• public officers in the executive, legislative, or judicial branches of the Government of the United States, or any state, district, or territory, possession, or subdivision thereof, who are actively engaged in the performance of official duties, and who are elected to public office or directly appointed by one elected to public office.

    If one of the above categories applies to you, please indicate this in your answers to question 13 on the Juror Qualification Questionnaire. 


    What are grounds for requesting to be excused from jury duty and how do I request for one?

    Upon individual written request, persons in the following groups or occupational classes may be excused from jury service:

    • You are 70 years of age or older;
    • You served as a grand or petit juror in a State, Federal, Territorial, or Commonwealth Court within the last two (2) years; or
    • You serve as “volunteer safety personnel”.  Volunteer safety personnel means individuals serving a public agency in an official capacity, without compensation, such as firefighters or members of a rescue squad or ambulance crew.


    What are grounds for requesting a temporary excuse and how do I request for one?

    If you are summoned for jury service and need to request a temporary excuse, all requests must be in writing and include supporting documentation, when applicable.  You must submit your request before your report date, except in emergency situations.  Upon review, such persons may be temporarily excused as the Judge or Clerk of Court, under the supervision of the Court, deem necessary.  Some reasons may be:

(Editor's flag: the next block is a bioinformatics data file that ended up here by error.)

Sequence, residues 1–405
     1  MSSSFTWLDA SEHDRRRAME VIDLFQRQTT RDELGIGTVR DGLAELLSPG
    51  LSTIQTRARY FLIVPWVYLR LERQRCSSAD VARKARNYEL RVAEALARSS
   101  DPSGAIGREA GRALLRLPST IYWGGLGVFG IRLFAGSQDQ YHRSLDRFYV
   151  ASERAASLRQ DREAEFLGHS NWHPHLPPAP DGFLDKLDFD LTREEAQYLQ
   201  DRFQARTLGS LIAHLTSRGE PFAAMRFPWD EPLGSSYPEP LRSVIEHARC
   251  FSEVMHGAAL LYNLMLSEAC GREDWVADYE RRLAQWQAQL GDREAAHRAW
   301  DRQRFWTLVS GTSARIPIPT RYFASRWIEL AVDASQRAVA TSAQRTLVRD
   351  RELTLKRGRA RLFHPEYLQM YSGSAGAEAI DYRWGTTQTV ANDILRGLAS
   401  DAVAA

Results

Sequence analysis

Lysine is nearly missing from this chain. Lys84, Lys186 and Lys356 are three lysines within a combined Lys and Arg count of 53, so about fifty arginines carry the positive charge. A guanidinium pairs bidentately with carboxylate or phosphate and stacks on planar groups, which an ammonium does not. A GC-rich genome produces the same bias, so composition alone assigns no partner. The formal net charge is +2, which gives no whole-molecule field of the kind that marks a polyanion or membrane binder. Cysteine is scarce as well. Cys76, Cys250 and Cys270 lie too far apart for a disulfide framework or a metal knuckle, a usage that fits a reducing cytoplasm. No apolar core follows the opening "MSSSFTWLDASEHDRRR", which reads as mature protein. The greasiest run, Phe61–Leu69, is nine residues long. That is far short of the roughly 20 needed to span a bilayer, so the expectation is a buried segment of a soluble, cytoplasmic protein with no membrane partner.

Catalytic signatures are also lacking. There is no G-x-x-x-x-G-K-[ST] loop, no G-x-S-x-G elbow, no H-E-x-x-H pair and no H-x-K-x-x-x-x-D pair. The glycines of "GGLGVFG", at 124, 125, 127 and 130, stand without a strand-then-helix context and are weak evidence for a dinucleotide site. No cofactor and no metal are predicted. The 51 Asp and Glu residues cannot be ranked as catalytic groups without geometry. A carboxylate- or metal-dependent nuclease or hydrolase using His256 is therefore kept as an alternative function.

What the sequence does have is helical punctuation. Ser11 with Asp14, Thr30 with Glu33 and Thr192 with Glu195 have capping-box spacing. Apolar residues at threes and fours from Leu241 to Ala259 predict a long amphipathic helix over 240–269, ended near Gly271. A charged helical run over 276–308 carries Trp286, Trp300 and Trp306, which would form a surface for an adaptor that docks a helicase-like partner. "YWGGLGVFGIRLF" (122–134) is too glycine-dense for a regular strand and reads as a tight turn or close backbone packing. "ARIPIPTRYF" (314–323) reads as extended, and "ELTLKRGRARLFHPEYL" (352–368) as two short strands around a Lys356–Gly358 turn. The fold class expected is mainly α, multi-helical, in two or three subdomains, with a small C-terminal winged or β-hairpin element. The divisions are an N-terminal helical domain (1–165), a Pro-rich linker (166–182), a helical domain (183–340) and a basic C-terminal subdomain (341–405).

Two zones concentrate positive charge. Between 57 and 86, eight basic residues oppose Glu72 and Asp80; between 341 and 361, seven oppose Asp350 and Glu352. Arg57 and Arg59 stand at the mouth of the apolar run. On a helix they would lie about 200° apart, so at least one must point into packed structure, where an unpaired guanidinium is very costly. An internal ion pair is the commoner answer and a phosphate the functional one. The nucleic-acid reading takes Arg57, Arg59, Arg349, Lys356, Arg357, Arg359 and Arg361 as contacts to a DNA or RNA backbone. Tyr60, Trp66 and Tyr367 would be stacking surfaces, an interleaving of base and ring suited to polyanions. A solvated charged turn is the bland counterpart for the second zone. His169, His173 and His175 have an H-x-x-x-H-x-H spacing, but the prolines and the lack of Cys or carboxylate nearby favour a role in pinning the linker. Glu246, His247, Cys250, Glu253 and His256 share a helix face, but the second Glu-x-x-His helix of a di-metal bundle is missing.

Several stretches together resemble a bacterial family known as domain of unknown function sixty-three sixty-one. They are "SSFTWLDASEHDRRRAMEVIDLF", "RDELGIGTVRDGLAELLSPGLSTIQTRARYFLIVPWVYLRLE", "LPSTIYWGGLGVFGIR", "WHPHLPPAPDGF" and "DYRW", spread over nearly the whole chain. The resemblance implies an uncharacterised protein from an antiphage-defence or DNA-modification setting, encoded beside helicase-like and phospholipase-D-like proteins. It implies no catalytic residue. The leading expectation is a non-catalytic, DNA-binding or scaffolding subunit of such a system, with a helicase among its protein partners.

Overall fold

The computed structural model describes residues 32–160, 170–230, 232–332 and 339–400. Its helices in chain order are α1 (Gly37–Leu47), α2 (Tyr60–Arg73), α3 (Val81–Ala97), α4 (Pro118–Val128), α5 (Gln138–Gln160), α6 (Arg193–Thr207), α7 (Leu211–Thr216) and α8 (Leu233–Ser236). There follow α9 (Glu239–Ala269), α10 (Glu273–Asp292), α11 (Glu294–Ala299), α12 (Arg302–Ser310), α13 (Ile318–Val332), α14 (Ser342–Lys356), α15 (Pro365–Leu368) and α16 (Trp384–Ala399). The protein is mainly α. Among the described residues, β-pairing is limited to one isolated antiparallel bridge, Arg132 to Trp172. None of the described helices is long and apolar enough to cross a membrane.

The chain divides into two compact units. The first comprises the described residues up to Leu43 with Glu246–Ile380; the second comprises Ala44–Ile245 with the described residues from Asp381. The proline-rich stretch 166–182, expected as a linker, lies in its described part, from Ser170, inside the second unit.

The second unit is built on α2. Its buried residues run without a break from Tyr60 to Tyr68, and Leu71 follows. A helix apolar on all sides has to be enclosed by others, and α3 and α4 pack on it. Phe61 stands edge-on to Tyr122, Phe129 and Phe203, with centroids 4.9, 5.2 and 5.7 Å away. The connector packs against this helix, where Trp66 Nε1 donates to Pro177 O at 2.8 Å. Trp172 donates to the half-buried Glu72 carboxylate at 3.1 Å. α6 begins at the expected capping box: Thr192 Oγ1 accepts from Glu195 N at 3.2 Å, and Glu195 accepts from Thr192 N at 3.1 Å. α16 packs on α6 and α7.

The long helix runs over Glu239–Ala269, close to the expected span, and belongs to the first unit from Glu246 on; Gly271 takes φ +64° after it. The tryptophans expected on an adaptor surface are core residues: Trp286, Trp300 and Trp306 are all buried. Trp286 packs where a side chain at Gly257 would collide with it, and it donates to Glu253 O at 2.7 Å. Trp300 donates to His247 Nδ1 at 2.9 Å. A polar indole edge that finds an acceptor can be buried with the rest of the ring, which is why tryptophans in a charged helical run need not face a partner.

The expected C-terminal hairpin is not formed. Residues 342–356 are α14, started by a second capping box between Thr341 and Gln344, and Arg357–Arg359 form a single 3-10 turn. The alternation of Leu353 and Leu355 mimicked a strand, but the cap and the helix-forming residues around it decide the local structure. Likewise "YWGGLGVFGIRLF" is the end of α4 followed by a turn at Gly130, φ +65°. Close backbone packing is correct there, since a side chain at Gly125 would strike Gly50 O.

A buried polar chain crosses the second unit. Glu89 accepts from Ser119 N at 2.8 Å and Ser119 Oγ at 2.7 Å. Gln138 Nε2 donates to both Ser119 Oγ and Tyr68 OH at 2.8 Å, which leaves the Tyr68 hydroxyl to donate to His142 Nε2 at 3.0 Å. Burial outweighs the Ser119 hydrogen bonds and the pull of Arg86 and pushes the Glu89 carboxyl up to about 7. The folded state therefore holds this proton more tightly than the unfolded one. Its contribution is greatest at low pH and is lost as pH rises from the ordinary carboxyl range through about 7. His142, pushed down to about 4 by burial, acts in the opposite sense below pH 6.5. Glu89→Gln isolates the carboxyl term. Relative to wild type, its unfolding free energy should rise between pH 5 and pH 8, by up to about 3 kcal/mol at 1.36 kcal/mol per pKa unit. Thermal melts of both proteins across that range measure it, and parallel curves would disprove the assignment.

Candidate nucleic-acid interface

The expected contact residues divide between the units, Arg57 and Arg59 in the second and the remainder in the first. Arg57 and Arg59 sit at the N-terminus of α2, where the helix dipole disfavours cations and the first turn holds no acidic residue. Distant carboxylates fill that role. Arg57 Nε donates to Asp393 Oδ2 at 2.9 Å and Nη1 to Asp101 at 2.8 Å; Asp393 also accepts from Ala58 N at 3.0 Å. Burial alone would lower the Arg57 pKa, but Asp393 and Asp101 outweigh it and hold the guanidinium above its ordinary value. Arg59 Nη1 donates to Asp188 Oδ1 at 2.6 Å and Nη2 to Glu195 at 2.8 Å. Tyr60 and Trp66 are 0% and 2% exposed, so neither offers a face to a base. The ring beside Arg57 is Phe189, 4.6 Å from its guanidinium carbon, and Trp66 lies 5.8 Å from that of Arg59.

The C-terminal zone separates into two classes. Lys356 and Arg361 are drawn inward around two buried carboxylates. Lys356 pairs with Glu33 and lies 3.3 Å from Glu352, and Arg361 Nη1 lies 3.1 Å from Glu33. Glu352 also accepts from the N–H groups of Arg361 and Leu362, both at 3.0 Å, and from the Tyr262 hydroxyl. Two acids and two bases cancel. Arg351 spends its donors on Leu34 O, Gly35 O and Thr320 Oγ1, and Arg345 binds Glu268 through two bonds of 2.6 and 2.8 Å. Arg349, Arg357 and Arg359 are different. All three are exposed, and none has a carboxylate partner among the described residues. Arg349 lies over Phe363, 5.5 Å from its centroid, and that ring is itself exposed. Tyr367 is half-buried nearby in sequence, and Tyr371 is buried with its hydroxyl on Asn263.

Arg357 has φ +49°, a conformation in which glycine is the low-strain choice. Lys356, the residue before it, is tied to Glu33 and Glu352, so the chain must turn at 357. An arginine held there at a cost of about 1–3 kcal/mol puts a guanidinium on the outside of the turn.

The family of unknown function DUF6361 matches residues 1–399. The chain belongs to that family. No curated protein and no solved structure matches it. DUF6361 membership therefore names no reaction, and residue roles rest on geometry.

• Persons who can demonstrate that jury service would cause undue hardship or extreme inconvenience (grave illness in the family or any other emergency);
    • Persons having active care and custody of a child(ren) under school age whose health and/or safety would be jeopardized by your absence for jury service;
    • Persons who are full-time caregivers for an elderly or infirm family member;
    • Previously planned vacation or off-island travel (provide travel itinerary);
    • Medical appointment (provide doctor’s note); or
    • Work-related training or travel.


    How will I be notified of my jury appearance?

    A jury summons with reporting instructions will be sent by mail. 


    Where is the courthouse located?

    The District Court of Guam is located on Route 1, Marine Corps Drive, next to the Kentucky Fried Chicken Restaurant in Anigua.


    Where do I park?

    The public parking lot is located between the Kentucky Fried Chicken Restaurant and the courthouse.


    If asked to report, how many hours will I be at the Courthouse?

    On the first day of jury service, jury duty normally commences at 8:00 a.m.  You should plan and arrange for a full day attendance when summoned for jury service.

    If selected to sit as a juror for a case, the hours may vary each day and the trial judge will give reporting instructions for the duration of trial.  


    Where do I report for jury duty?

    When instructed, please report directly to the Jury Assembly Room located on the 4th floor of the courthouse.  The Jury Administrator or other court personnel will record your attendance and an orientation will be given to jurors reporting for the first time.


    What should I bring with me when I report for jury duty?